When I read the first reading for 19th Sunday of the year cycle A ( 1 Kings 19), I began to reflect on the number of times a good idea of what I should do in some situation in my life just popped into my head like a gentle whisper – this reading seemed to say that God communicates with us in the most gentle and unobtrusive ways. But there is a context for this story about Elijah experiencing God whispering. His country had somewhat turned from Yahweh, their God, to the exciting sacrifices to the pagan god Baal – a craze that had arisen from the pagan queen (Jezebel) taken by king Ahab. But to make the point of Yahweh’s superiority the prophet Elijah challenged Baal’s supporters to pray asking him to bring down fire on their sacrifice. When they had given up praying to no purpose – with no result – Elijah’s God, Yahweh, demonstrated his superiority with a dramatic blaze! (1 Kings 18:20-40),  – the God, Yahweh, was seen in an exuberant blaze on that occasion. So God is not just in a gentle whisper, but can also be in a dramatic revelation. But when I might forget God, or even feel his absence I should be like Elijah (who was suicidal before this experience of his) and we in our turn should heed the insignificant thoughts that might impinge on us and come to mind from ‘out of the blue.’

This is my 60th jotting – you can scroll down to see them all and can always make a comment.

Know you don’t know

27 Jul

Earlier this month a very noted Catholic theologian died. It was Professor Nickolas Lash a retired Professor of theology at Cambridge university. Tributes were written by famous people in the church including Rowan Williams. He was at Seminary with me for 5 years, unlike me was ordained but eventually quit and later got married and eventually was offered the post of Norris-Hulse professor of Divinity, and in 2017 Pope Francis made him a knight of St Gregory. Looking back at some of his writings, a section in Theology for Pilgrim (2008) made me think of Lao Tsu, the Chinese philosopher who wrote about the Way (dao). Chapter 7 of this begins with “knowing you don’t know is best.” I am reminded that from Abraham on, the Jews generally did not believe in any life after death – there were always humans, but not always you. Then at the time of Christ and for early Christians there was definitely belief in the after-life – for example the Resurrection of Jesus. Although most thought the dead were dead at least until the future – end of the world – when the good ones would be ‘raised.’   As Christian thinking grew over time, there was ‘clearer’ belief in life after death – though linked to the philosophical distinction of body and soul – so that until the End-time, the dead were referred to just as souls (the holy souls). Now in our scientifically dominated times, there is either denial or questioning of this ‘after-life.’ I have already jotted saying ‘Don’t be too sure’ (scroll down to see) but now I want to be more certain – but more certain that we don’t really understand this world of ours never mind understand the mystery of life after death and of God. It’s how you live that counts not what you know or think you know. If you were absolutely certain you would be bound to do what was right, but instead you know you don’t know yet live as you ought.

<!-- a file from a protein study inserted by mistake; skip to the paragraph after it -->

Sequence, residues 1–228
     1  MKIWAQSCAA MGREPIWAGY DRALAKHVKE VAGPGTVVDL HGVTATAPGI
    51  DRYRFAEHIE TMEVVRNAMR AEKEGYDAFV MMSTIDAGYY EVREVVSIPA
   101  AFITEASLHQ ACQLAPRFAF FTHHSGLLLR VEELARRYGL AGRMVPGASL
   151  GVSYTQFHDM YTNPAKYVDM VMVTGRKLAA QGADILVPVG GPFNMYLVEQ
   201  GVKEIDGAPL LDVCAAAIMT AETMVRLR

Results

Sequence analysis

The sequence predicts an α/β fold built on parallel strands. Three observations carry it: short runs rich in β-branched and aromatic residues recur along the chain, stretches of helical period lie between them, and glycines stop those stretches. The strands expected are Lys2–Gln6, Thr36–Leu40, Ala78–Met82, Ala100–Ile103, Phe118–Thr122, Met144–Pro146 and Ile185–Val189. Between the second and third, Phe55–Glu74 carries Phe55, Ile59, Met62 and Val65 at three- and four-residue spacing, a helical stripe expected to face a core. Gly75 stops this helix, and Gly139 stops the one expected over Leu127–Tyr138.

Fr Brown

20 Jul

I like to watch Father Brown (the interfering priest who solves many crimes) on TV, based on the stories of the writer G K Chesterton in the early nineteen hundreds. My Dad told me that he was taken with his class to hear Chesterton speaking in Birmingham Town Hall. After the introduction by the mayor to the crowded hall, in walked slowly this rather ‘obese’ and almost scruffy looking chap who awkwardly mounted the steps to the lectern. Schoolboys had already made their judgement about this character and others were quite surprised. Chesterton stood there in silence and the hall was quiet not knowing what to make of this chap.   Then he gradually took the cushion from under his clothing and amazement began to brake the silence in the hall. After that had subsided and everyone’s attention was on him Chesterton opened with this memorable sentence – “things are not always what they seem!”

Sophie

13 Jul

There are in some believers’ bibles, books that are called apocryphal (of doubtful authenticity). Within this group is a book called Wisdom. It is a book from about 200 BC, attributed, as some writings were in those day, to a wise person – in this case to King Solomon, noted for his wisdom. The advice and teaching that it has is in the context of Greek culture and its learning, to which the Jewish community in Alexandria in Egypt were exposed. Instead of just treating that culture as pagan and erroneous, the writer sees in it something of the wisdom of God that is in all creation. We can learn something from this approach for we, as Christians, live among people we might think of as ignorant to some extent certainly with some different ideas.

In many ways the wisdom of God is personified in the bible, and when it is in Greek (the language in Alexandria and beyond) it is a female word and I know a couple (Chinese and Scottish) who have named their daughter Sophie which is the Greek word for wisdom . Indeed, just as we believe God is Father and Jesus His Son, so also the Holy Spirit is His Wisdom. Let us try to see Her (a feminine word in Greek) wherever she is. Like those ancient recipients of the book, our world comprises people of different or no religious belief, but we shouldn’t judge their ideas and morality, because God is the creator and in every thing and everyone. Indeed, just as we believe God is everywhere as Father (creator) and Son (Saviour), so also the Spirit is Wisdom wherever she is.